Iron 0.2
Calcium 36.2
Silica 14
Oxygen 7.2
Demand
BOD
3ml 7.0
6ml 6.7
9ml 6.7
Total 5262
Dissolved
Solids
Suspended 5062
Solids
Filterable 200
Solids

Table 4.0 Microbial Load in Waste Water from site A, B and C along the drain

Source Total viable count (cfu/ml)


Site A 2.4 x107
Site B 1.0 x 105
Site C 1.1 x 106

Table 5.0 Biochemical Characterization of isolated microorganism from Site A


Microrganism
Coagulase

Suspected
Sample A

Mannitol

Catalase

Motility
Glucose
reaction

Lactose

Urease
Citrate
Indole
Shape

Gram

H2S

Sample 1 C + AG AG AG + + - + + - + Staphylococc
us aureus
Sample 2 C + AG AG AG + + - + + - + Staphylococc
us aureus
Sample 3 C + AG AG AG + - - + - + Micrococcus
sp
Sample 4 C + AG AG AG + - - + - + Micrococcus
sp
Sample 5 C - - AG V - + + Proteus sp
Sample 6 C - AG AG AG + - + + - + Klebsiella sp
Sample 7 C - AG AG AG + - + + - + Klebsiella sp
Sample 8 C + AG AG AG + + - + + - + Staphylococc
us aureus

KEY: Sample A

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ISSN 2224-3208 (Paper) ISSN 2225-093X (Online)
Vol.6, No.20, 2016

C = Cocci +=Positive - = Negative


AG =Acid and Gas Production V= Variable R =Rod

Table 6.0 Biochemical Identification of the Bacterial Isolates from Site B

Microrganism
Coagulate

Suspected
Sample B

Mannitol

Catalase

Motility
Glucose
reaction

Lactose

Urease
Citrate
Indole
Shape

Gram

H2S
Sample 1 C + AG AG AG + + - + + - + Staphylococcus aureus
Sample 2 C + AG AG AG + + - + + - + Staphylococcus aureus
Sample 3 C + AG AG AG + + - + + - + Staphylococcus aureus
Sample 4 R - AG AG AG + - + + - + Klebsiella
Sample 5 C + AG AG AG + + - + + - + Staphylococcus aureus
Sample 6 C + AG AG AG + + - + + - + Staphylococcus aureus
Sample 7 C + AG AG AG + + - + + - + Staphylococcus aureus
Sample 8 C + AG AG AG + + - + + - + Staphylococcus aureus

KEY: Sample B

C = Cocci +=Positive - = Negative


AG =Acid and Gas Production V= Variable R =Rod

Table 7.0 Biochemical Identification of the Bacterial Isolates from Site C

Microrganism
Coagulate

Suspected
Sample C

Mannitol

Catalase

Motility
Glucose
reaction

Lactose

Urease
Citrate
Indole
Shape

Gram

H2S

Sample 1 R - AG AG AG + - + + - + Klebsiella sp
Sample 2 R - AG AG AG + - + + - + Klebsiella sp
Sample 3 R - AG AG AG + - + + - + Klebsiella sp
Sample 4 C + AG AG AG + + - + + - + Staphylococcus aureus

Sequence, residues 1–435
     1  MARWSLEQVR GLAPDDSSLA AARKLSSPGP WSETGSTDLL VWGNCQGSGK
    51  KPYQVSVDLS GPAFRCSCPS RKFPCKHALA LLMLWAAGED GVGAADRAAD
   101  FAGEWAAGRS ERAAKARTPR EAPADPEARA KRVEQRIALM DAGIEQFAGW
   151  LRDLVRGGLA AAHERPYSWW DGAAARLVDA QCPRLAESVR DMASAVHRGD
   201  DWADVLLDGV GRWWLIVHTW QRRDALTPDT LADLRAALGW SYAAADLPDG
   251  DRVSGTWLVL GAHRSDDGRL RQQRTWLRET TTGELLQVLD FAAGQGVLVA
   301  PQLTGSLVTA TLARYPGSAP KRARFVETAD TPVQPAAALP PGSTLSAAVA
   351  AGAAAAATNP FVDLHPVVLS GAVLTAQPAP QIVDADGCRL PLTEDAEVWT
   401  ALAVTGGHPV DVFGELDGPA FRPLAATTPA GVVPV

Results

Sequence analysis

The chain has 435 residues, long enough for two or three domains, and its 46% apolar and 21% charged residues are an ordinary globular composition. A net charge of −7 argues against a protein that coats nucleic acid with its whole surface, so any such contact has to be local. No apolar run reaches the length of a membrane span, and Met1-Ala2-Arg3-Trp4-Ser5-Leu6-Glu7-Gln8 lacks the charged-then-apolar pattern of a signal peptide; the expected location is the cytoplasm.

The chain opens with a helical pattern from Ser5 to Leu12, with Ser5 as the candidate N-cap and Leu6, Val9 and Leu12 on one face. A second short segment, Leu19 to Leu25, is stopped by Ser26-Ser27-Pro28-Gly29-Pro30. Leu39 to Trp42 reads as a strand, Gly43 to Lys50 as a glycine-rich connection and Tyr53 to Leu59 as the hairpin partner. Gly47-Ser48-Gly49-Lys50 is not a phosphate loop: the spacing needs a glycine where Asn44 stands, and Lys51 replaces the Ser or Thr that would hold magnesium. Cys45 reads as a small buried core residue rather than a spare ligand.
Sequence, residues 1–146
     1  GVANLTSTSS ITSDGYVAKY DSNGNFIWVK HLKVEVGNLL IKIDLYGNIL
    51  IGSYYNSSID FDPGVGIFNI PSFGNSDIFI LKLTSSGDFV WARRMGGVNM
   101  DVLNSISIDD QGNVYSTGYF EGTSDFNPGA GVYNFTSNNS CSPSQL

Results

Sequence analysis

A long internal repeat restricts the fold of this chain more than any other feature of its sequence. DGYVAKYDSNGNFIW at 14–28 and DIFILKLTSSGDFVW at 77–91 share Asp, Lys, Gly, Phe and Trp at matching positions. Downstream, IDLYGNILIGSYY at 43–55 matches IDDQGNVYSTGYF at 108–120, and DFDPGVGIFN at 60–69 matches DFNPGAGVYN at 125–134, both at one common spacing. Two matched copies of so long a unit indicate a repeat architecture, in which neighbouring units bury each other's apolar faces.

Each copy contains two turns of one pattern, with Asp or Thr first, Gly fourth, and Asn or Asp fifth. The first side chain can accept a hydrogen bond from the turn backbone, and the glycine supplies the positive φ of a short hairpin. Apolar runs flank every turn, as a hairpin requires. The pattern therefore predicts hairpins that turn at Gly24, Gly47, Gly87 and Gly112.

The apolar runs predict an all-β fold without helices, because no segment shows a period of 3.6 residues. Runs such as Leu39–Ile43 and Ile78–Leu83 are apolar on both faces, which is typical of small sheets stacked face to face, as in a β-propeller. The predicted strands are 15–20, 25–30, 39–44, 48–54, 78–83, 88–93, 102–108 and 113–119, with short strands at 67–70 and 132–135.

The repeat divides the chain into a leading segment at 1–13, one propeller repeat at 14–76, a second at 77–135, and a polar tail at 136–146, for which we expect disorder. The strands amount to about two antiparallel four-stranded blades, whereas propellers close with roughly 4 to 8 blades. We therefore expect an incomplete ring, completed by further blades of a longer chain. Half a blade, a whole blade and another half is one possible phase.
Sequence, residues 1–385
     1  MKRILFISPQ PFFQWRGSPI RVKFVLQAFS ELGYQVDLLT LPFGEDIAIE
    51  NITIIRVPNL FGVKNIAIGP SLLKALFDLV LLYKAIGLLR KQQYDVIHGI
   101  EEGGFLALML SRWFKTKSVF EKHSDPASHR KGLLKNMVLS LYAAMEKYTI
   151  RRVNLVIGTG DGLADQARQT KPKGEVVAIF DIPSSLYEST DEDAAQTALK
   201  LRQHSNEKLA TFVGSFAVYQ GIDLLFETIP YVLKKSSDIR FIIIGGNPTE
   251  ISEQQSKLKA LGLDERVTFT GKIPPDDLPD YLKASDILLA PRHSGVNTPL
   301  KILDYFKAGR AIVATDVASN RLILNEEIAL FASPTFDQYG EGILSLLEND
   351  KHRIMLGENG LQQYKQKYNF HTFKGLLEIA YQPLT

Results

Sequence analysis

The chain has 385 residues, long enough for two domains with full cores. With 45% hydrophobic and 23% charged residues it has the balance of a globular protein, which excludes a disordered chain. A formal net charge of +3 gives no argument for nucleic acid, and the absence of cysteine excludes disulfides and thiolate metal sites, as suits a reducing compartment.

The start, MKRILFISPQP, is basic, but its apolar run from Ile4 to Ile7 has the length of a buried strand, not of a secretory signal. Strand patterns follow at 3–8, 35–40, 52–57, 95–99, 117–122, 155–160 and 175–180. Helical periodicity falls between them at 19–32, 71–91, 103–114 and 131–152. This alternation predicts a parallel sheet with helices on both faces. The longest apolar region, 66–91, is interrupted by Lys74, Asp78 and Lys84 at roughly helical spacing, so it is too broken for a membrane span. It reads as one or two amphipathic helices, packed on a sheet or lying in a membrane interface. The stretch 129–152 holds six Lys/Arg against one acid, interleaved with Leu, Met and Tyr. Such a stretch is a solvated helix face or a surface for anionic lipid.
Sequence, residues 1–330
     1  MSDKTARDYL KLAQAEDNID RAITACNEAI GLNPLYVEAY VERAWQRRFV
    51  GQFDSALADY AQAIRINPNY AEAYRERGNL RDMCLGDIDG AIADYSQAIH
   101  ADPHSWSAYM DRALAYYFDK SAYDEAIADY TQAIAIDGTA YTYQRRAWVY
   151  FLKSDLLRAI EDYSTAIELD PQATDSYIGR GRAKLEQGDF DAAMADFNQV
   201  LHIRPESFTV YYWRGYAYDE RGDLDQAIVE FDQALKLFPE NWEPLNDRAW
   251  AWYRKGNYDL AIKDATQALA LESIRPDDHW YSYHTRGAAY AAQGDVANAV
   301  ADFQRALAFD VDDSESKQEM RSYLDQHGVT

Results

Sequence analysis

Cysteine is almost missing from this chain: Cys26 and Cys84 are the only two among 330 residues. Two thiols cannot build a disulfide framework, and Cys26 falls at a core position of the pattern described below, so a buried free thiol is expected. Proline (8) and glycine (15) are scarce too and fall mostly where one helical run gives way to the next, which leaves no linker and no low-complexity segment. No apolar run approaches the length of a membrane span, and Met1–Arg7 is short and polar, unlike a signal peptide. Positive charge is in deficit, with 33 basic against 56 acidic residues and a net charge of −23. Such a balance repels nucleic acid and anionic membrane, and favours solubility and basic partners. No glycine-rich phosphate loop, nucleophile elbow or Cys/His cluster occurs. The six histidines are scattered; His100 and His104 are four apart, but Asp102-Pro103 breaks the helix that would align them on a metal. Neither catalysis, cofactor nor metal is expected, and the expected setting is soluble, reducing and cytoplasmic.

Sample 5 C + AG AG AG + + - + + - + Staphylococcus aureus
Sample 6 C + AG AG AG + + - + + - + Staphylococcus aureus
Sample 7 C + AG AG AG + - - + - + Micrococcus sp
Sample 8 C + AG AG AG + - - + - + Micrococcus sp

KEY: Sample C

C = Cocci +=Positive - = Negative


AG =Acid and Gas Production V= Variable R =Rod

DISCUSSION AND CONCLUSION


The appearance of the drain water samples collected varied from brackish to clearer water with
particles. The pH of the water samples ranged from 6.6 to 7.2 while the alkalinity were within the
ratio of 72mg/L to 94mg/L which could be due to the activities associated with the water usage. The
hardness and chloride contents of the water were equally examined, and it was recorded within the
variations of 76 to 158 and 51 to 95.5mg/L respectively.
Color is an important physical quality of water which determine the composition of the water
sample, the TCU values ratios of 40, 60 and 72 were obtained for the samples examined. The
variation in color could be due to mineral composition of the water coupled with the activities related
to the water usage.
The iron content of ≥ 0.2 were obtained for the three samples while calcium contents recorded ranged
between 20 and 32.6 but a sharp variation were obtained in silica contents determination. The
values obtained ranged between ≤1.0 to 10mg/L. The Biochemical Oxygen Demand for sample C

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Journal of Biology, Agriculture and Healthcare www.iiste.org
ISSN 2224-3208 (Paper) ISSN 2225-093X (Online)
Vol.6, No.20, 2016

7.0, 6.7 and 7.2 . The filterable solids were found to be the lowest in sample C compared 200mg/L
to 1370mg/L in sample A. The amount of suspended solid was very high in sample C 5062mg/L
followed by site A 318mg/L and 24mg/L was recorded for sample B.
The platecount of the samples on endobroth elicited site A 2.4 ×107 cfu/ml, 1.0×105 cfu/ml for the
sample B and site C had a 1.1 ×106 cfu/ml as elicited in Table4.0 above. Both Gram positive and
Gram negative bacteria were isolated from these studies. Staphylococcus aureus and Micrococcus
sp.were prevalent in the samples followed by Klebsiella sp which could be due to the nutritional
components available for the survival and multiplication of the microbes in the water samples. The
conventional biochemical identification tests for the isolates includes; Gram staining, glucose, lactose,
mannitol, indole, catalase, urease, coagulase, motility and Hydrogen sulphide reaction tests. The
isolates reacted differently to biochemical sugars and salts available. These types of pathogenic
microbes obtained from the samples portrayed the danger associated with the untreated domestic
drains which could serves a precursor pool or reservoir for the evolution of life threatening
infections. Also, a regulatory authority should be made functional by providing adequate facilities for
those agency to carry out their duties and environmental enforcement monitoring should be put in
place to oversee the compliance and maintenance of domestic and industrial drains and stagnant
pools and estuaries to minimize or curtailed the risk of contacting infections in epidemiologic
proportions.

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Journal of Biology, Agriculture and Healthcare www.iiste.org
ISSN 2224-3208 (Paper) ISSN 2225-093X (Online)
Vol.6, No.20, 2016